The 2018 International Plowing Match is a world-class event that takes thousands of people working in lockstep to pull off.
That means thousands of people putting in thousands of hours to turn the 858 acres near Pain Court into a spectacular showcase of education and entertainment that attracts both rural and urban visitors.
At the IPM Media Day recently, event co-chair Leon Leclair said the media and some people in the community talk about how rural and urban people and politics don’t mesh well. He pointed out that the IPM organizing committee, sponsors and volunteers blow that theory right out of the water.
The co-chairs – Leclair and Chatham Coun. Darrin Canniff – are the first good example. A rural and urban match up that brings both their strengths together to work as a team. And the list goes on.
As IPM committee member Jean-Marie Laprise said the agri-food business includes bankers and seed producers, engineers and agronomists, dairy farmers and accountants – each has a different expertise that makes the industry the success that it is in Chatham-Kent. It is a $3 billion industry locally.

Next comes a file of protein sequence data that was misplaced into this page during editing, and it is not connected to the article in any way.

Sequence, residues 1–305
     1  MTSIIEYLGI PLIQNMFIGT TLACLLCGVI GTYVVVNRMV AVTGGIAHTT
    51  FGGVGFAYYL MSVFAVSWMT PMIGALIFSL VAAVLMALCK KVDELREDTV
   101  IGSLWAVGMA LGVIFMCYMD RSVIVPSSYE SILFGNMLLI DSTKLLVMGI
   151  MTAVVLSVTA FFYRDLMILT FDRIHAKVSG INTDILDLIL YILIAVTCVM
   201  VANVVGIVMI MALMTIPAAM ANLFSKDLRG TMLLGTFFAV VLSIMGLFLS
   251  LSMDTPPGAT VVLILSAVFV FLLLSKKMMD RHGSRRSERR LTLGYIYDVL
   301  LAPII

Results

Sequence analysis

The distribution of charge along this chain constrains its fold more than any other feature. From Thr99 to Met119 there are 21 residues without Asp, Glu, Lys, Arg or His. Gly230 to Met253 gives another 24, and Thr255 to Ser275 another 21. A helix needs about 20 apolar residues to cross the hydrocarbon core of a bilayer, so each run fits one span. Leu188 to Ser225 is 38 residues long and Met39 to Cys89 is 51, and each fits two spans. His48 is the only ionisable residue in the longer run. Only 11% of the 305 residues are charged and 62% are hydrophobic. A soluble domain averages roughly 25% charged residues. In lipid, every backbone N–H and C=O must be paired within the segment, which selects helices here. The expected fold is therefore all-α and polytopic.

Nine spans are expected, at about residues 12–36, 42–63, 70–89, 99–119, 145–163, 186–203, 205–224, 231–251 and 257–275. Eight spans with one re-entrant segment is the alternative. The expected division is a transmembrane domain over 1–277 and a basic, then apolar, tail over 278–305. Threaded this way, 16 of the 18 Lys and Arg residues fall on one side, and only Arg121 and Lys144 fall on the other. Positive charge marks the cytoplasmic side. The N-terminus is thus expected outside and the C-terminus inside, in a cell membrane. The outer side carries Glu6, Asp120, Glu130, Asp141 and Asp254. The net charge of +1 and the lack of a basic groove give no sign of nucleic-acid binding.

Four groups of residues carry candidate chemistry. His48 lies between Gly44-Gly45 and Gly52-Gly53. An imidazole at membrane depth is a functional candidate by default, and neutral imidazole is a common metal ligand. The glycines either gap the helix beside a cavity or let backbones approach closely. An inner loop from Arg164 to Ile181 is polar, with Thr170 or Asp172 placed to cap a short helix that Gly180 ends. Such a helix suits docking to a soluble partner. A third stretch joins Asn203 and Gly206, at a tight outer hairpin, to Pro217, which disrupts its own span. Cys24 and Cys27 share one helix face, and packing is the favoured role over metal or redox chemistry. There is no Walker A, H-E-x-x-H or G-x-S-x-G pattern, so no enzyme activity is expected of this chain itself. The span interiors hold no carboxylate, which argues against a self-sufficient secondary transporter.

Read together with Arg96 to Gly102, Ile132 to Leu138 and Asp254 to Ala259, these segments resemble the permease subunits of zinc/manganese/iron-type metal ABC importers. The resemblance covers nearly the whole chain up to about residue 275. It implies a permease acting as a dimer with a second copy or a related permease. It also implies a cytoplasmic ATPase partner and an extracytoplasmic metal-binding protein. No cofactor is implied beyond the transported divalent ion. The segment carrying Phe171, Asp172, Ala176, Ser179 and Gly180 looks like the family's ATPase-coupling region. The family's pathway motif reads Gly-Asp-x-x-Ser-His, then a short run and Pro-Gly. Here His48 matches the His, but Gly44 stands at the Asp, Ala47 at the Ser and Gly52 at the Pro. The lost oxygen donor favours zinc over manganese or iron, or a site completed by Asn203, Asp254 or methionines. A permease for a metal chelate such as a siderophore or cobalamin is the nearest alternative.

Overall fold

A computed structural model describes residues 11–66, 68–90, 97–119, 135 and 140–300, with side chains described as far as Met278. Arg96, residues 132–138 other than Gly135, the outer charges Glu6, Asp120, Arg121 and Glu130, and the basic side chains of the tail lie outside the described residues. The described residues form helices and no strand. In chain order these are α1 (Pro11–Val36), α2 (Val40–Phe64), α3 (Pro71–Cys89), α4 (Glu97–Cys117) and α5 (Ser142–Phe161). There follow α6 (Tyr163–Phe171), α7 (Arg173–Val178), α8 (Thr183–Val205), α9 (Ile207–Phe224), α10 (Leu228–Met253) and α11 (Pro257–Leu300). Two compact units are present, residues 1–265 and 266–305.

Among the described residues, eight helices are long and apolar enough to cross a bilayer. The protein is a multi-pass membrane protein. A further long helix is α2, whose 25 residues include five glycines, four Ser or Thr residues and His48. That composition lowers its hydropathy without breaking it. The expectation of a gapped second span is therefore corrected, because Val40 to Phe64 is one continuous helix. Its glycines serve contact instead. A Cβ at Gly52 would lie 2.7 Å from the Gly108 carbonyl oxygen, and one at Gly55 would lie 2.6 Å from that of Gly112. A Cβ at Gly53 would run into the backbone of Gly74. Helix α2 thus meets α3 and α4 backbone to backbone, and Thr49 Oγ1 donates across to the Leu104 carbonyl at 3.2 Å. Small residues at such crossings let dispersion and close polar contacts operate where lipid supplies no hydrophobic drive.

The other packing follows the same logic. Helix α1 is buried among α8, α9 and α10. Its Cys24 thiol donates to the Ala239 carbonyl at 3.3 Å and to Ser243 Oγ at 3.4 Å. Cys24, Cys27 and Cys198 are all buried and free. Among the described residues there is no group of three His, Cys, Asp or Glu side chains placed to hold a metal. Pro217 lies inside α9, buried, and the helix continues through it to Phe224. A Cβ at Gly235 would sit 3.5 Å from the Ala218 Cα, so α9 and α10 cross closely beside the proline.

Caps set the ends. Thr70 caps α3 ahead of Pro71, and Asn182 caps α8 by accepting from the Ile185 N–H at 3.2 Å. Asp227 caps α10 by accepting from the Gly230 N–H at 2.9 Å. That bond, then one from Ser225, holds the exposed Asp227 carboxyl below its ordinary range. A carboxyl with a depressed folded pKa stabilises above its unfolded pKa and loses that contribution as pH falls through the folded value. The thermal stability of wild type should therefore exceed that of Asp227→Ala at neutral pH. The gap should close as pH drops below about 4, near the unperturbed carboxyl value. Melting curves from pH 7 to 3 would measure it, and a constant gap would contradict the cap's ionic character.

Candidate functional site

Respecting that expertise and working with each other is what makes a successful partnership – like the Ontario Plowmen’s Association and the Municipality of Chatham-Kent. It starts at the top and works right down to the farm girl and city girl welcoming people at the IPM main gate – each has something to offer.
People in Chatham-Kent still grumble about amalgamation after 20 years and a perceived bias towards Chatham on our municipal council. Chatham has six of the 17 council seats available, so one could argue Chatham is in the minority.
Regardless, when it counts, rural and urban people work together to make sure Chatham-Kent as a whole is successful, whether it be special events, economic opportunities or sporting endeavours.
Give Chatham-Kent residents a worthy cause to get behind and they will always step up to the plate – rural or urban.